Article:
F&S Hook Shots, Episode 7, Season 7: Texas Gator Gar Redemption
A mouth full of needle-like teeth. Incredible jaw pressure. The ability to spin on a dime and grab a leg. … Continued
A mouth full of needle-like teeth. Incredible jaw pressure. The ability to spin on a dime and grab a leg. These are just some of the characteristics of the massive alligator gar that call Texas’s muddy Trinity River home. But despite the false wrap these dinosaur-like creatures get as trash fish that attack humans and decimate gamefish populations , they are on of the most intense species an angler can tussle with in freshwater. Last May, host Joe Cermele and crew took a shot at these brutes, but thanks to the severe spring flooding in Texas, they came up empty. This September, Cermele and artist friend Mike Sudal rejoined young-gun guide Dawson Hefner for a no-holes-barred round two of redemption.
The Deal: While alligator gar can be found in many states throughout the South, the Trinity River in Texas is arguably the most famous place in the country to chase them. It’s dirty, it’s loaded with snags, it’s a navagational nightmare, but it boasts an incredible number of fish in the top of their weight range; we’re talking 7 and 8 footers that can break the 200-pound mark. You can find the fish from the Trinity’s headwaters north of Dallas, all the way to where it meets the Gulf well over 400 river miles away just southeast of Houston.
When To Go: According to guide Dawson Hefner, it’s possible to get gar to bite year-round, although he skips out on the coldest months because the fish get too sluggish for the pursuit to be worthwhile. A visit any time from April through October will get lines tight, though Hefner says May and September are some of the best months. Mid-summer is great, too, but just be prepared to roast in the Texas heat.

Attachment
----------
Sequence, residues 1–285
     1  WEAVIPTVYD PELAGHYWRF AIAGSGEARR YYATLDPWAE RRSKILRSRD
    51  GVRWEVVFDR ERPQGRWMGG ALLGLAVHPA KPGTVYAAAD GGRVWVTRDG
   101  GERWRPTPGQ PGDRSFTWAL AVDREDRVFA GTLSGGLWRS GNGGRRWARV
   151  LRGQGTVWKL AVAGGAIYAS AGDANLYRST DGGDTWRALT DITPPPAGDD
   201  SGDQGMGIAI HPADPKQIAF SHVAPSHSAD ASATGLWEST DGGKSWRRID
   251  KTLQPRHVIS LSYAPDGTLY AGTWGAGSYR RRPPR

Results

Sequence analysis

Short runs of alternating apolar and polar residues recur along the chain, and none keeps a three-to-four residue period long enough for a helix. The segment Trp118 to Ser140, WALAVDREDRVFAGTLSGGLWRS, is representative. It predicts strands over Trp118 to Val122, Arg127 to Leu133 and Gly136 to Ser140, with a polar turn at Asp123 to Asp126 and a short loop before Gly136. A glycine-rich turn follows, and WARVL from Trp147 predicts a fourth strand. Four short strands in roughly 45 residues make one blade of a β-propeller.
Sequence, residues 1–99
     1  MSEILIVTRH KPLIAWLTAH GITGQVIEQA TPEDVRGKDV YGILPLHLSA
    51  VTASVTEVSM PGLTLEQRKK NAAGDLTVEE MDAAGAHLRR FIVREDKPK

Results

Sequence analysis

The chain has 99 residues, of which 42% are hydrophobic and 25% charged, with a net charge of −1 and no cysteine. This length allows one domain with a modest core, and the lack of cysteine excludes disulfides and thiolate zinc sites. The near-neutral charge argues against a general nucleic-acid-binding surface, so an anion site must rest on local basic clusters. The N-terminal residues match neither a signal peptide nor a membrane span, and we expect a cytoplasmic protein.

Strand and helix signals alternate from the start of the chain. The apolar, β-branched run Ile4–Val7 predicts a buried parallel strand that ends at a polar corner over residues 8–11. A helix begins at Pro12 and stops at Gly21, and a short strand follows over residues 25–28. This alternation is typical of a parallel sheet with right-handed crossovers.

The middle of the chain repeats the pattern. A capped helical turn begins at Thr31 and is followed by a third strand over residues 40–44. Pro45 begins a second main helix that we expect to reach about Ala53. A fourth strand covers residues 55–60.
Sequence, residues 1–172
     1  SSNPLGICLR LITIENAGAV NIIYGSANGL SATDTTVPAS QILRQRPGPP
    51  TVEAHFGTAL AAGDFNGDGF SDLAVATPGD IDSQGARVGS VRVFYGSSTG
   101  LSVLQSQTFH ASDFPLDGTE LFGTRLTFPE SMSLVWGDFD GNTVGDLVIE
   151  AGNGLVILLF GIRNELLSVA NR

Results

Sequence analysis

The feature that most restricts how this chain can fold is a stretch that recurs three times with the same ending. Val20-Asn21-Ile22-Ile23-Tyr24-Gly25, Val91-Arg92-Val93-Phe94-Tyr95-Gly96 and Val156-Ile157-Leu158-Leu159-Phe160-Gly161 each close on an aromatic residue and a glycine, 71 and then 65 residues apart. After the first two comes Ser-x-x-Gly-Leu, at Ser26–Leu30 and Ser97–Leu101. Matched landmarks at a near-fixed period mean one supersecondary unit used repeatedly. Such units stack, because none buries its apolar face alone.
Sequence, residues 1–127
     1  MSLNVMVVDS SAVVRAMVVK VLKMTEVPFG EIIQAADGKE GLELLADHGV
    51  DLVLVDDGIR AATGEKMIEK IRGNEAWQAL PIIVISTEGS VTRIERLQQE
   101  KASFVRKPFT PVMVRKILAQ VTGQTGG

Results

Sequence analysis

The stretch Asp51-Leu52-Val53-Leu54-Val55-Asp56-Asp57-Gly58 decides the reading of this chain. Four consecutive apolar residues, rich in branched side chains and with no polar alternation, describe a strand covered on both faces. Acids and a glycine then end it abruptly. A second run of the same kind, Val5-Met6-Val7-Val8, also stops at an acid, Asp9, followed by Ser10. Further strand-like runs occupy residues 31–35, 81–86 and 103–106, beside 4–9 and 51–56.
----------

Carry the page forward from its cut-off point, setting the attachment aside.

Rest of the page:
What To Bring: Above all else, bring plenty of extra clothes. If you’re playing on the Trinity—even if you never get out of the boat—you can bank on being covered in a thin layer of sandy mud by the end of the day. If you get out and fish from the bank, you’ll be even more caked. The river’s banks are mucky and sticky, and once the wet mud dries, it just turns into mud dust. But battling it out with a 100-plus-pound gar is worth getting down and dirty. If you want to bring your own rod and reel, a conventional outfit that can handle muskies is good, but one that can handle big grouper is better. Hefner doesn’t mess around with his gear; his reels are spooled with 130-pound braid and his rods can stop a tank. Can you whip these fish on lighter gear? Sure. The trade-off, however, is losing many of them in snarls and snags because you can’t put on enough heat.
Where To Stay: Hefner lives just outside of Athens, TX, and the stretches of the Trinity he fishes most often are close to town. There are also plenty of restaurant options in Athens, and no shortage of chain hotels. Click here for a listing.